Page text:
Anyone with the resources and the inclination can buy a machine tool. But not everyone can wring out the same amount of production from the same machine. Multitasking machines loaded with multiple turrets and/or spindles offer a great deal of production potential, as they can often completely machine a part on its own. Granted, these machines are more costly than their straightforward lathe and milling machine brethren. However, it's clear that shops battling just-in-time delivery schedules and shrinking batch sizes recognize the money-making potential of such machines, as their sales increase every year. It's the classic case of biting the bullet and choosing equipment that initially is more expensive, but offers greater payback down the road.
But the multitasking machine can't do it alone. The choices made in combining various machining elements and strategies into an efficient process ultimately separate the great shops from the average Joes. CAM programming continues to be a challenge for multitasking machines, which isn't surprising considering it involves simultaneous machining operations and orchestrated movement of a number of machine components.
Tooling can also play a make-or-break role. It's logical to think that a multitasking machine designed with flexibility in mind would use tooling that was also flexible. Such tooling would provide the capability to perform a variety of different machining operations with just one tool. A universal spindle interface that can accommodate both turning and milling operations can also augment process versatility. There are a few reasons for this.
First, space can be saved—turret space, to be more specific. The multiple turrets and spindles located within a multitasking machine not only limit space within the machining zone, but also place limits on tool magazine capacity. A single tool that offers five different cutting operations, for example, could free up four tool pockets. Those extra pockets could then be used to hold different tools for parts that require many machining operations or sister tooling to allow extended, unattended operation.
Second, cycle times can be quicker through the elimination of non-value-adding tool change time. A multitasking tool might just require spindle indexing to bring a different turning insert into position, for example.
Third, a universal, modular spindle interface that is effective for milling, turning and drilling operations allows for one common tooling platform for the shop's entire operation. This concept of standardization falls in line with the strategies of lean manufacturing.
During a recent visit to its international headquarters in Sandviken, Sweden, Sandvik Coromant (Fair Lawn, New Jersey) demonstrated the value that a multitasking tool platform, such as its Coroplex line, can provide for multitasking machines. The visit included a tour through the production facility for its mining and construction division, which heeds the advice of its sister tooling company by using robot-tended cells that combine multitasking machines with multitasking tools to produce various mining drill bit components (see sidebar on page 77).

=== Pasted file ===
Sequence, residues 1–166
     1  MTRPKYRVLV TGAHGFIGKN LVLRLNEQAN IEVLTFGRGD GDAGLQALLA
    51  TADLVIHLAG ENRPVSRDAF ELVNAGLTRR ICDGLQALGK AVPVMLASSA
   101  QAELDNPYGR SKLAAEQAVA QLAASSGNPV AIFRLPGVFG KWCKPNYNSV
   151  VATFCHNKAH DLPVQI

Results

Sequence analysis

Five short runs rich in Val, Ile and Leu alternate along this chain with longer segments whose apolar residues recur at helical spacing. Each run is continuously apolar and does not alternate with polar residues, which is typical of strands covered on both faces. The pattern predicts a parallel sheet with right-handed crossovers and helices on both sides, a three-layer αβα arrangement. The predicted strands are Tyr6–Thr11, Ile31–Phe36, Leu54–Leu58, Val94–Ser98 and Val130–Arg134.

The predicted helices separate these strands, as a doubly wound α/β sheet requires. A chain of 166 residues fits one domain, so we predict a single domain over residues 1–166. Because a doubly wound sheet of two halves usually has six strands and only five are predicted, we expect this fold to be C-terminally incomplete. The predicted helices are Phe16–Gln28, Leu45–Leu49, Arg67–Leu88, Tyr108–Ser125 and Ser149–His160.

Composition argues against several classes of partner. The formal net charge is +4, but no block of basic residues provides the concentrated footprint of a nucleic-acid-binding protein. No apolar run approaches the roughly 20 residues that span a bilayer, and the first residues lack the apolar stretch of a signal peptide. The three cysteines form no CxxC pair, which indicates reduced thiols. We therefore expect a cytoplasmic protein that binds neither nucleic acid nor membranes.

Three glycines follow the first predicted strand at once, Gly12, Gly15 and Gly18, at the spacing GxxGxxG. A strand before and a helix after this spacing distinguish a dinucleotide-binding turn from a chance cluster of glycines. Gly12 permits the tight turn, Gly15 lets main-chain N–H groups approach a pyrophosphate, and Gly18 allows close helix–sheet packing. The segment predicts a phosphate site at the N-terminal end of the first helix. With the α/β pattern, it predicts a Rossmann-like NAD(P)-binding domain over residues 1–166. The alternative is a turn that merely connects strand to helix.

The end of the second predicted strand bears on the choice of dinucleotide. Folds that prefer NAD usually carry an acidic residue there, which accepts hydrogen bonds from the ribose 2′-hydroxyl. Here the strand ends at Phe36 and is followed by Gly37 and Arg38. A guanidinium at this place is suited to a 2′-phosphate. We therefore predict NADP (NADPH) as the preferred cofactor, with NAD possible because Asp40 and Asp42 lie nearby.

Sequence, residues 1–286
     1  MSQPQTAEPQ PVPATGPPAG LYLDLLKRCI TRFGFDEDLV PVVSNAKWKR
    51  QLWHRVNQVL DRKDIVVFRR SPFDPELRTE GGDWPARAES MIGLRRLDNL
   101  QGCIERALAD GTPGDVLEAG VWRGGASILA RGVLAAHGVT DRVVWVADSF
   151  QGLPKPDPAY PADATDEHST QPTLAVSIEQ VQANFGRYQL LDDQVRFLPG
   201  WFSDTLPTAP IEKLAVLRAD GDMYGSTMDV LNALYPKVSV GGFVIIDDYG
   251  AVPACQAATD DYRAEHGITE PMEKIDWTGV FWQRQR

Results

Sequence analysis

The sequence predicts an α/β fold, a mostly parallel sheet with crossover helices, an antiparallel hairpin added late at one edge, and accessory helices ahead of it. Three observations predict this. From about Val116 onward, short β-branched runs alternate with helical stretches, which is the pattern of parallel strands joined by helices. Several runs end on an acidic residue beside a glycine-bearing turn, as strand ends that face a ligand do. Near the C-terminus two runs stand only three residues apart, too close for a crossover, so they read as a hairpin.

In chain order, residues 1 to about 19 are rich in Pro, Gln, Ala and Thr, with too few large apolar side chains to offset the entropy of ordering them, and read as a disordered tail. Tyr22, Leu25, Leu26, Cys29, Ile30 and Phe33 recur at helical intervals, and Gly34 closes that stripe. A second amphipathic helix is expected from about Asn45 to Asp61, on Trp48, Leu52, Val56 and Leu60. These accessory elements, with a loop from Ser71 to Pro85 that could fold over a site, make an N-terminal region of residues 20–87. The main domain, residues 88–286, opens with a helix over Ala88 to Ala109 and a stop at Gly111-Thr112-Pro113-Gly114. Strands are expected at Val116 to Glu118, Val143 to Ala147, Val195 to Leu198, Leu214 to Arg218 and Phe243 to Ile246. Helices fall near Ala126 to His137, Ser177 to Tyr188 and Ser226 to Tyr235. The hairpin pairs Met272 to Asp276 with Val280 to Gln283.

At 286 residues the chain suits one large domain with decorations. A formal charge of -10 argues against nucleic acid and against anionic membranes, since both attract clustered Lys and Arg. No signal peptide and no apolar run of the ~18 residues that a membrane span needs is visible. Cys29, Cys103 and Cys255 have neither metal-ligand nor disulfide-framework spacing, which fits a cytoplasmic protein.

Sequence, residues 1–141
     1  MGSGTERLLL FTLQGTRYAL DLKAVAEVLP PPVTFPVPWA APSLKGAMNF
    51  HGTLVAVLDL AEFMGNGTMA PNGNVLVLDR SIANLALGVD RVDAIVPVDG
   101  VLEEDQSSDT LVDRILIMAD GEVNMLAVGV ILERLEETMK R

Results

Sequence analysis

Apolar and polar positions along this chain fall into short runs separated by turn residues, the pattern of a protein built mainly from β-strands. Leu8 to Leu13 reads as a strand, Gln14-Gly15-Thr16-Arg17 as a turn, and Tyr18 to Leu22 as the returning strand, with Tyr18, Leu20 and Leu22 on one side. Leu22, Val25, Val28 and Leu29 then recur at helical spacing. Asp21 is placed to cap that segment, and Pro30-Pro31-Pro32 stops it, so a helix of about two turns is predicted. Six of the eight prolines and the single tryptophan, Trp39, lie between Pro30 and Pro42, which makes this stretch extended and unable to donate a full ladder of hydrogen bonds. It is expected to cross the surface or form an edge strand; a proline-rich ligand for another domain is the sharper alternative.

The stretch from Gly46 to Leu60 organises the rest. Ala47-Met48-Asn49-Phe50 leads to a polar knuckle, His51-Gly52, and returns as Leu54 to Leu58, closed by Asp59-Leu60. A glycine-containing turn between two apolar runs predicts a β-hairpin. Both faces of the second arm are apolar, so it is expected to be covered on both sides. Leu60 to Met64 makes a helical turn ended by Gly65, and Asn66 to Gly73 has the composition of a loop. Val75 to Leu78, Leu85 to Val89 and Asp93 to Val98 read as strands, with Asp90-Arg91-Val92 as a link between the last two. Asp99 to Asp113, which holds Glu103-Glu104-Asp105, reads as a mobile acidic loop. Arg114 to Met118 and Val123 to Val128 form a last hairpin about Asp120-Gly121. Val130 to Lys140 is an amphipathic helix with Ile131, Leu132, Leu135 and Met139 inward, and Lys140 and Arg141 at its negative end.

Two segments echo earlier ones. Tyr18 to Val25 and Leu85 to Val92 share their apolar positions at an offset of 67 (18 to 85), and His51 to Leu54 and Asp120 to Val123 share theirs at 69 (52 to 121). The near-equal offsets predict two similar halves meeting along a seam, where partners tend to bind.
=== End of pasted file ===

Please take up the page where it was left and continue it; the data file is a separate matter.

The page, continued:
There are a few different approaches in terms of multitasking tool design. One is the combination of turning and milling inserts on a single tool body. That one tool could perform shoulder milling, turn-milling or circular interpolation, for example, as well as face and longitudinal turning, profiling or internal turning. To combine turning and milling capability on one tool requires a design in which the turning inserts don't contact the workpiece while the tool is milling. To avoid this, the milling inserts are located just ahead of the turning inserts axially and radially so that the turning inserts are not in cut when the tool is milling.
Another technique combines two turning inserts located on opposite sides of a tool body. The tool can perform a rough turning operation, then be indexed 180 degrees in the spindle to allow finish turning.
Yet another concept uses a modular mini-turret unit that can combine four different cutting modules to allow four turning operations on one tool. This would enable a single tool to rough turn, finish turn, cut a groove and turn a thread, for example. The combination of cutting modules is user-selectable, and it would depend on the type of part and the required machining operations.
Maintaining tool center line accuracy is especially important for multitasking machines to make sure that the tool is precisely positioned to perform a turning operation. This is where it is helpful to have a modular, universal spindle/tool interface. Such an interface is effective for multitasking machines, as their spindle(s) could be called on to mill or lock into position for a turning operation.
Programming And Tooling
One of the issues that tooling companies sometimes face when introducing new tool designs is the lag in terms of CAM software support of new tools. Often, though, programming is not made more difficult because of the new tool. To change from a milling operation to a turning operation for tools that can perform both just requires the spindle to precisely index to bring the turning insert is in proper position. There's no programming difference if that tool is used for milling, as the tool essentially is a milling cutter that happens to have turning inserts on board.